Why do female musicians have to fake it on TikTok? | Respect my self

I He started doing music full time at the age of 18. Arctic monkeys You just had a blast and the idea that you could be from Sheffield and become an international superstar just hangs in the air. I believed that if I worked hard enough, I might as well be a star: it was just a matter of time. But this was also the dawn of MySpace. Suddenly, it won’t be the years of playing, writing, and recording that broke you; It can happen overnight if you play a group out of your bedroom and have a song about being punk rock with flowers in your hair. I remember watching a piece on Look North about how Lily Allen was signed after she was spotted on her. I realized I was putting my energy in the wrong place, and the nagging feeling began that I might miss the boat.

Fast forward 17 years and your ability to understand and work with social media is the number one way to grow your reach as an artist. Every record company endorses this idea, and to be fair to them, the numbers speak for themselves. However, it can be argued that numbers mean more than the creativity that creates them in the first place. Lots of artists, mostly women, have been left frustrated when they have been asked to collect content for platforms like TikTok as well as create personalized and thoughtful music: just in the past few weeks, Branches of FKA, Halsey, Charli XCX and Florence They went out to protest their companies’ insistence that they should Create a viral moment.

I have always used social media as an extra arm for my art. I need to be fully seen and understood because it is the gray areas in life that have always caused the most trouble. Being able to Tweet and Instagram the facts about feeling like you only serve as a great companion handbook to my creative agenda. I do it on my own terms, when I want, as a woman in her thirties with a strong sense of self. I’m afraid for artists without it. It can be extremely humiliating – not to mention psychologically dangerous – to associate your only chance of success with your ability to perform the type of character that plays well online, not your business.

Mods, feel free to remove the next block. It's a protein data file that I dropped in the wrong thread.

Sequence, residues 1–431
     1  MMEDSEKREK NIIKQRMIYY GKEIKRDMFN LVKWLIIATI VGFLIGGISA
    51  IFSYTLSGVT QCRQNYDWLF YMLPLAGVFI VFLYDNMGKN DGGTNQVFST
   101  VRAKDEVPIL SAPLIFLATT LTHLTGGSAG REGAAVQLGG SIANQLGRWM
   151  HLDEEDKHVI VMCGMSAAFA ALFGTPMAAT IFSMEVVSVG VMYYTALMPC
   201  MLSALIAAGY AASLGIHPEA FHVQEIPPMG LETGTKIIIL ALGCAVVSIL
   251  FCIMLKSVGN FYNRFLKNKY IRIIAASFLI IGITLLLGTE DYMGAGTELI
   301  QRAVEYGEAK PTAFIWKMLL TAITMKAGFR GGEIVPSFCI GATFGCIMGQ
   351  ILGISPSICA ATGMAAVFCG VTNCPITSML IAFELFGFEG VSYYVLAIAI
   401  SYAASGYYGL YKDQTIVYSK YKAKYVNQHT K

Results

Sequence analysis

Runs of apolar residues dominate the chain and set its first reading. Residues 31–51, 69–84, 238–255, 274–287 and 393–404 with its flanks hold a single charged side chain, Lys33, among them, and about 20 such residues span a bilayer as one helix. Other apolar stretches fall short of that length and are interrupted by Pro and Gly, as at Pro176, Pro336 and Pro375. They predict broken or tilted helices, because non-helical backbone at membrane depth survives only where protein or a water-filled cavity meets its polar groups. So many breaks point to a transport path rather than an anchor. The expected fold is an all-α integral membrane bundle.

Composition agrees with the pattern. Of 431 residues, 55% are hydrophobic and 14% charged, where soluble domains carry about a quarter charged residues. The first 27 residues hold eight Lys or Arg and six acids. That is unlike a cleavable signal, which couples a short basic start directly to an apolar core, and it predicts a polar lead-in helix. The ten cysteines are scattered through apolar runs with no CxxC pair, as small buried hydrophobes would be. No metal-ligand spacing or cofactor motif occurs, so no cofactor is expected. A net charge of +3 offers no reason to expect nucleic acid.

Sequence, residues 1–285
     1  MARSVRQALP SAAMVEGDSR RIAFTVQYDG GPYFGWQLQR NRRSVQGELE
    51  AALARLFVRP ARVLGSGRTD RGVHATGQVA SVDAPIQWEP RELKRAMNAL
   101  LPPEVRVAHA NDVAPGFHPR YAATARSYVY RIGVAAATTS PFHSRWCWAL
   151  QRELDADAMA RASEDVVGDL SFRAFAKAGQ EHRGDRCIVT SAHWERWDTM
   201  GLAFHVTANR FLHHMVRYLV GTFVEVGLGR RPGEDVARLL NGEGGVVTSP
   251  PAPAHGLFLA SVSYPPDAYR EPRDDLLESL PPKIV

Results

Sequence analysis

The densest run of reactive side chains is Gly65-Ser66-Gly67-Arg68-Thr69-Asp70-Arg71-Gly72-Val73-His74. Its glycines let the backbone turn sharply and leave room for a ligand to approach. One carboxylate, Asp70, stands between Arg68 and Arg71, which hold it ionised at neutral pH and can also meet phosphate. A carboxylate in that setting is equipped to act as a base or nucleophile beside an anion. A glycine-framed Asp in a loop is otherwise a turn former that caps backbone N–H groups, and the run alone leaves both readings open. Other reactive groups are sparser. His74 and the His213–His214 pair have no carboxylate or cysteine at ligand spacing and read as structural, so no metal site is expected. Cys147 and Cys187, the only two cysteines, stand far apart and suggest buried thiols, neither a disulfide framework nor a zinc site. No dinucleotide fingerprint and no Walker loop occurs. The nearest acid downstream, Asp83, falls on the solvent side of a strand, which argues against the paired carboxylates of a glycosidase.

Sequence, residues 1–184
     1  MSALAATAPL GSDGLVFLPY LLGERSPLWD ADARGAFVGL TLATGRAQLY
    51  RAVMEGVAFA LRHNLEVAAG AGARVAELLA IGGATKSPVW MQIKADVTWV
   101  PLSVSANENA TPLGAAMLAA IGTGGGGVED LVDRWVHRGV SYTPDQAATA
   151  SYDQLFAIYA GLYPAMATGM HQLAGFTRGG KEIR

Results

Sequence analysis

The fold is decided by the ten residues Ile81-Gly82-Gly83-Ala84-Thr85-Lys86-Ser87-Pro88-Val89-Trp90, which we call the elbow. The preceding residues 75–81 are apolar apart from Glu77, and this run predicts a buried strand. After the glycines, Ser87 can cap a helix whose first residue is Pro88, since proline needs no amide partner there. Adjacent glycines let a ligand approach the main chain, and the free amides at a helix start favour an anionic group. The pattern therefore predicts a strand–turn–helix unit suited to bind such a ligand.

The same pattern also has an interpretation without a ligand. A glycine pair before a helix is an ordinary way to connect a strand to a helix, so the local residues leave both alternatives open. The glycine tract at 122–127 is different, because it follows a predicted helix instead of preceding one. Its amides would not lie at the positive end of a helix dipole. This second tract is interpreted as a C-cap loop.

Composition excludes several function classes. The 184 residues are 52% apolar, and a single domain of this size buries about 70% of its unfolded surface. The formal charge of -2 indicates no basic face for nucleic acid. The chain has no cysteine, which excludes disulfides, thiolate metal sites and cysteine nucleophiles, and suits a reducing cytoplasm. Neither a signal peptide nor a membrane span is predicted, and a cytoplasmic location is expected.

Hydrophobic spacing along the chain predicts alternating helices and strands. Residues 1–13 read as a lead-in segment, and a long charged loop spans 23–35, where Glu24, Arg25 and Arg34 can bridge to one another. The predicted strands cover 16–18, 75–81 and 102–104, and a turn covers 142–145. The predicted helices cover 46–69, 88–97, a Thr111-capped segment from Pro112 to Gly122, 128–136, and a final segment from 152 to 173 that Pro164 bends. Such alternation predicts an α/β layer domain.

A self-esteem performance (photo by Rebecca Taylor right) in Newcastle, February 27, 2022.
A self-esteem performance (photo by Rebecca Taylor right) in Newcastle, February 27, 2022. Photography: Thomas M Jackson / Redferns

I think it’s no coincidence that recent examples of artists who say their posters have forced them to participate in TikTok are all women. My general psychology theory is that the music industry thinks of social media as something inherently feminine – it’s just another thing The patriarchal idea that women and men are gay They care about other women’s details, while men are too busy and too important to care about those things. Just like male artists, they are very important and busy creating it. I’m generalizing – Ed Sheeran has also expressed his ambivalence about TikTok – but there is something much darker and more pervasive in the way women are encouraged to use it. It just reinforces the nagging feeling that your music and your art as an artist aren’t taken seriously.

But what do you do if sharing parts of yourself isn’t right for you? In my twenties, I would blindly believe the authority of tags and management and would do anything to seize what might be a ticket to success, without thinking about the consequences that might follow later on. It’s as if the artists are criticizing tik tok (And many fans tweet their displeasure with it, too) The industry considers them too precious or old-fashioned. But in the end, the artists who have a good bash on TikTok will triumph in the hungry infinite machine, at least for now. It’s moving without you. So you have no choice.

Despite the industry’s overall focus on TikTok, it’s still too early to tell if throwing shit at the wall in hopes of translating something will spread to a permanent and committed fan base; As a result, a space for the artist to create and experiment. (This is the dream we all seek, by the way, not fame.) Arctic Monkeys and Lily Allen They built jobs from early forms of diffusion, although in 2005 their grassroots success was something the nomenclature could not ignore; Now, it seems, no amount of actual success or career longevity gives an artist a free pass to pull out of the viral trenches.

All creative industries must be able to adapt. In my opinion, what really attracts consumers across a wide demographic are the excellent songs, and artists need the space to write them and then share them in a way that matches their art.

Most importantly, a fan must be able to trust an artist. As “The Poster Made Me Do It” TikToks became a gruesome descriptive way to go viral, we ended up farther from the art’s authenticity than ever before.